Broadcast and cable media have presented almost exclusively the administration voice and still the real support for the actual conditions of war is less than 50% or so.  Millions of people across the country are expressing reservations.  Millions of people are talking to their friends and neighbors and hearing that they too have reservations, concerns about lack of evidence, doubts about the real need to go to war.  Yet we hear from Ari Fleisher that "the President has 70% support," a number that is given no specific basis and not in line with other reports of polling data.  The statement is not challenged by the press corps. 

To put the situation in simple terms, all of the evidence seems to point to the Bush administration trying to operate an agenda of conquest.  It has all the military power, most of the economic power and is only marginally concerned with moral authority.  Iraq is too weak to fight back beyond home defense and so will collect few friends, but strong enough, and unwise enough, to look threatening.  It is an hors d'oeuvre.  

Many thousands of Iraqis will be killed, citizen and soldier.  Very few American soldiers will die in the first phase -- many more in the second phase.  As in Columbia the military will protect commercial interests and as with both Columbia and Afghanistan the country will be left to its own devices.  The disruptions of order will offer opportunities for further conquests and power projections in the Middle East, Southeast Asia and the Far East. 

It has been since before the 2000 election, and stated again in the most recent position paper, the explicit policy of this administration that no country shall ever again be allowed to gain military strength approaching that of the United States.  This fact, in combination with dominance of all matters economic and material, will deliver another trifecta: military, economic and resource hegemony.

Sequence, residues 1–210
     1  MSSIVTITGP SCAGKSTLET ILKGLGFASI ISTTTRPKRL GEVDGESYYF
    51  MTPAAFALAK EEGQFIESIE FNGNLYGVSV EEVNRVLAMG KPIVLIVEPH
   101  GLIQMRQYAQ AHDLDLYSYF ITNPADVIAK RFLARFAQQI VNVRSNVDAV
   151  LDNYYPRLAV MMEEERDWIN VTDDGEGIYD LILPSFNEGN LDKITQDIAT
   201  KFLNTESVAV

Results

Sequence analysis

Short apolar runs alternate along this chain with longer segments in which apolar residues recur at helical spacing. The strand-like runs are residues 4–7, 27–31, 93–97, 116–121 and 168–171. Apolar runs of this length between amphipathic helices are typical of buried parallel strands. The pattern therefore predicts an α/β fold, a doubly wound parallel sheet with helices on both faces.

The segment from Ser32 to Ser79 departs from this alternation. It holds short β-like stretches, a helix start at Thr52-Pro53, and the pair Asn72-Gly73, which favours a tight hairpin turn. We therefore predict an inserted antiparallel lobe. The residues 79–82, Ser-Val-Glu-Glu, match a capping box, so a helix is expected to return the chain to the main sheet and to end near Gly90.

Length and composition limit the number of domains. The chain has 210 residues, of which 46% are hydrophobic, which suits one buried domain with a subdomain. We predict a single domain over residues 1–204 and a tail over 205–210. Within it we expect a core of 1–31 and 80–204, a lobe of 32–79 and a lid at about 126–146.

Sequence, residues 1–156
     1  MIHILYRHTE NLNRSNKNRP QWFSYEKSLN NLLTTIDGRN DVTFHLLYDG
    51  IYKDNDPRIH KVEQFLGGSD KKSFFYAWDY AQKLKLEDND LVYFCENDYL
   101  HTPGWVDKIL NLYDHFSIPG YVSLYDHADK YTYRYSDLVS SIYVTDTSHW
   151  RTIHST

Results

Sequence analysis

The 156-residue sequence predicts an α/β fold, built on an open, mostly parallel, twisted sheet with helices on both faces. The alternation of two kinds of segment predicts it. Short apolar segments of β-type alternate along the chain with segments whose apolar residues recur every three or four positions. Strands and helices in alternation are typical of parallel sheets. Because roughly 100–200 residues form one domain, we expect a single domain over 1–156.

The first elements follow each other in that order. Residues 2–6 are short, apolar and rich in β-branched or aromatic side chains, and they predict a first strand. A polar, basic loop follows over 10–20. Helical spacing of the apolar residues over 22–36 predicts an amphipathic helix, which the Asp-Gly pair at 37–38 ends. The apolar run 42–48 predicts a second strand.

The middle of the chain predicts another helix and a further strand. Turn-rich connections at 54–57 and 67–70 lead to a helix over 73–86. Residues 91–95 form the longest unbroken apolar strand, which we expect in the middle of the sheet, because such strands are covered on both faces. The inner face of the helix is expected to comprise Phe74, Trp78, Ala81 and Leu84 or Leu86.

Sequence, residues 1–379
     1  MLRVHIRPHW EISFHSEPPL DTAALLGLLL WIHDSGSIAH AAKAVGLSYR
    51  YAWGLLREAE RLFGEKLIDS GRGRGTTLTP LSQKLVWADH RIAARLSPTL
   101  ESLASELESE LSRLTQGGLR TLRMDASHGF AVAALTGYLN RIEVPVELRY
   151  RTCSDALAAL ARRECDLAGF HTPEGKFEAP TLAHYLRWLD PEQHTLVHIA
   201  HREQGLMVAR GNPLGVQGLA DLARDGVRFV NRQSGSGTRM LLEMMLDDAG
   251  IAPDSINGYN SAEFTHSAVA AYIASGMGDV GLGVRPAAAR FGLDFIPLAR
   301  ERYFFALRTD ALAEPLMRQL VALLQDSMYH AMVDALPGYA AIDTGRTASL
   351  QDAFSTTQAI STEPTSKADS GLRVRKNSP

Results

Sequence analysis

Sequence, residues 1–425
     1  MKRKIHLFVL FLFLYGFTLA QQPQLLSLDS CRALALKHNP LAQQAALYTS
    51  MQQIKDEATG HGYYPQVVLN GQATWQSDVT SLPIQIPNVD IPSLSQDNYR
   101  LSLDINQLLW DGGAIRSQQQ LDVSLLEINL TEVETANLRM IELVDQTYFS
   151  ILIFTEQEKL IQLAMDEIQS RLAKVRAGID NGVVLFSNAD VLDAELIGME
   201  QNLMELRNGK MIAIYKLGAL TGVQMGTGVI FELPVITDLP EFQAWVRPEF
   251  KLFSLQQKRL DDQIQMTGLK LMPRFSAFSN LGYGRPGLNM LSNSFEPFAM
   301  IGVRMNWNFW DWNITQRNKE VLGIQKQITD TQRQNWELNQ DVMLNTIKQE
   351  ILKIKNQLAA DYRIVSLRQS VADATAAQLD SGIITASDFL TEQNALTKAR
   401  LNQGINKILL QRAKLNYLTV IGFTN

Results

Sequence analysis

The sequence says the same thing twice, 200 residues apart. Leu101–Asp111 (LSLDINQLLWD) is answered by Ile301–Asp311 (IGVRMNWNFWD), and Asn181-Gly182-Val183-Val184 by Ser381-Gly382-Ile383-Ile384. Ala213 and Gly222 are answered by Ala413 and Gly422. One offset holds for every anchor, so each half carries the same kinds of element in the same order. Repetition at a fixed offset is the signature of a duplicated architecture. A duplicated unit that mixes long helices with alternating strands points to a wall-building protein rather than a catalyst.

The unasked question arises, why does the U.S. need such a massive military in this case (5 percent of GDP).  The implied answer is that there are lots of bad people in the world who hate the U.S. and it may need to fight especially theater wars; two, three or more at a time.  This again would end up being true if the U.S. presses its advantage on to all societies and nations -- acting its will on others because it has the power to do so.  They will fight back.  The rest of the world is very nervous because they see these things clearly.  The Bush administration has said the total control of the world is its goal.  It commissioned a report related to the feasibility of such control before the 2000 election and the most recent position paper to Congress again states this goal.

If it were only humans warring with each other -- trying to take over the world, yet again -- then it would be terrible and a prelude to terrible suffering delivered by greedy megalomaniacs and religious zealots -- yet again.  But given the ecologically fragile nature of our present world and the power of the thousands of weapons we have forsworn the use of, yet may be unable to avoid using, we could, in the service of fools, trigger a great convulsive act of biological, biophysical rejection of large amounts of the life of this planet. 

It would be, in a way, perversely poetic to have much of life on earth damaged by the actions of George W. Bush -- by all accounts an ordinary man who thinks especially well of himself -- and humanity diminished; an ordinary species that developed the ability to think and so thought, unwisely (unsapiens), especially well of itself when to think well of everything else would have been its salvation.


Glasgow Sunday Herald, "Bush planned Iraq 'regime change' before becoming President" by Neil Mackay, 15 September 2002 

"Rebuilding America's Defenses" A report of The Project for the New American Century,  September 2000 

‘Bush Shifts Strategy From Deterrence to Dominance’

By Karen DeYoung and Mike Allen

Washington Post Staff Writers

Saturday, September 21, 2002; Page A01